Giorgi Margvelashvili together with Macedonian and Polish Presidents, September 5, 2017. Photo: president.gov.ge
Georgia’s membership to the European Union “would only be beneficial for Russia,” President Giorgi Margvelashvili said at the Economic Forum in Krynica Zdrój in southern Poland on September 5.
Sitting on the “Unfinished Integration and the Aspirations of European Countries” panel alongside Presidents of Poland and Macedonia, Andrzej Duda and Gjorge Ivanov, respectively, President Margvelashvili spoke on Georgia’s European aspirations and its relations with the Russian Federation.
Answering the moderator’s question on whether Georgia feels pressured by Moscow for its European aspirations, President Margvelashvili stated that the country has been “severely punished through occupation” of two of its regions, “through the fact that we have 15% of our population internally displaced,” because of the decision to pursue “free choice” in its external relations.
Margvelashvili also rejected the idea that “the Georgian-Russian tension” emerged in 2008, “when Russia, through its army, occupied parts of Georgia,” as well as the “tendency to link this to Georgia’s aspirations to NATO,” saying Moscow has been conducting hybrid warfare against Georgia since the country restored its independence in early 1990s.
“The reality is that, Russia, through hybrid war, something that you are experiencing in Ukraine [now], has been doing this since the beginning of 1990s, after Georgia, splitting from the Soviet Union, declared that it was coming back to its identify of being a European state,” he said.
President Margvelashvili spoke on the future of Georgia-Russia relations as well, saying that the Russian Federation needs to rethink “the paradigm of privileged interest zones” and “come to a rational discussion” with Georgia.
“If we look at the Georgian-Russian relations from the perspective of a rational, stable and common sense prism, then we would say that it would be only beneficial for Russia to have Georgia as a member of the European Union, because in that case Georgia would be more stable and economically stronger. It could suggest more partnerships to Russia on economic and other issues,” Margvelashvili noted.
The President added that it should also be the goal of the European countries “to bring Russia to a rational political dialogue where you [will] discuss not the myths, emotions, sentiments and nostalgies, but real solutions for our peoples, and for their better life.”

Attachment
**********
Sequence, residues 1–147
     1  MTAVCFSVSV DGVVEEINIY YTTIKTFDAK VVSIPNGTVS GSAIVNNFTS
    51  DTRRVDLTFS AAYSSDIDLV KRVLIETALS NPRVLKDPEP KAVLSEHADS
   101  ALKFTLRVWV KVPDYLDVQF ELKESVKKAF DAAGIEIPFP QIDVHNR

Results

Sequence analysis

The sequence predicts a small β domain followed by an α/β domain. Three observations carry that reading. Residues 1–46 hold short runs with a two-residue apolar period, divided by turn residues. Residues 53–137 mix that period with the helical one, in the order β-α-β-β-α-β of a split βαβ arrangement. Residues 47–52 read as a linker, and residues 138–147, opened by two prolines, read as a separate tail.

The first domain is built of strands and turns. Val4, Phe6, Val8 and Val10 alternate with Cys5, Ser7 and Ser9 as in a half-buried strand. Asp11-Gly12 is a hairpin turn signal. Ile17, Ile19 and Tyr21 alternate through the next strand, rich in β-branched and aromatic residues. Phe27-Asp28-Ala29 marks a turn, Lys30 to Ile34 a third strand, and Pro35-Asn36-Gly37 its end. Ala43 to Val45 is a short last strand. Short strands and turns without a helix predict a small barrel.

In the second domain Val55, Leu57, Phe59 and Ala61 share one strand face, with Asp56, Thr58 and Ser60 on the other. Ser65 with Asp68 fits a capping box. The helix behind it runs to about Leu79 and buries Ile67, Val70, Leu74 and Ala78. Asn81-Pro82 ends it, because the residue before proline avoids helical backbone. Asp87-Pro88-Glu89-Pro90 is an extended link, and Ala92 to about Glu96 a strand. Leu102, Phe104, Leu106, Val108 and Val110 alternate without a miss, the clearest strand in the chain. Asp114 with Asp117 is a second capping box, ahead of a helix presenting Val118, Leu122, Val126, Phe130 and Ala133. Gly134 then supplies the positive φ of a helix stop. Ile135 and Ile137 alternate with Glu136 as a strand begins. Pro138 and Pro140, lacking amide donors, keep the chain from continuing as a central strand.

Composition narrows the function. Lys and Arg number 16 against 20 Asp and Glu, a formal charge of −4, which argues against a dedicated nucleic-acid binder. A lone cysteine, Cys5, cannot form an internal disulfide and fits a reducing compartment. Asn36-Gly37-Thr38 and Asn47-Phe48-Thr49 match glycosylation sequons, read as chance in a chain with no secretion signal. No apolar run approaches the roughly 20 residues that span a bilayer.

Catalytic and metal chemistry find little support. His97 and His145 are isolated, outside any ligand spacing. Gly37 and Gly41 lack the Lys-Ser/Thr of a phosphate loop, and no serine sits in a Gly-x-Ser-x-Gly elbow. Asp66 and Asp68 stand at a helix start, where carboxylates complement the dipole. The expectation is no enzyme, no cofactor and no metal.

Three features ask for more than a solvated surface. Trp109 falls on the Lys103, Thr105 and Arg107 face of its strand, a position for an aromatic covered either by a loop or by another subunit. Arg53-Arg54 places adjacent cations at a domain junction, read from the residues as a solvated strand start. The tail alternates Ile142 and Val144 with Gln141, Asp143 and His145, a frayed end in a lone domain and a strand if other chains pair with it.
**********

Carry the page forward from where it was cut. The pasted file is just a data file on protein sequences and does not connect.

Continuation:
“Eventually, we have to come to a more civilized form of relationships, where we talk not from the perspectives of punishment, of nostalgy, but from the perspective of discussing what could be a better solution for Georgian citizens, for Russian citizens, for Ukrainian citizens,” he also noted.
Polish President Andrzej Duda, who also spoke at the panel, said that Poland has always been “a country that supports the European ambitions of states which are not yet members of the EU but are striving to join the bloc in the future.”
Krzysztof Szczerski, Duda’s chief aide, said on September 4 that at the Forum the Polish president would underline the country’s support for a further enlargement of the European Union.
“Today, the Enlargement Policy, which used to be among the key initiatives, is somewhat pushed to the margins of European policy,” the aide stressed, expressing hope that that the opening panel with the three Presidents and the Forum in general would “highlight Polish support for a further enlargement of the EU.”
On the sidelines of the economic forum, President Giorgi Margvelashvili held a face-to-face meeting with Andrzej Duda, where the sides spoke on the relations between the two countries and Warsaw’s support to Georgia’s European and NATO integration.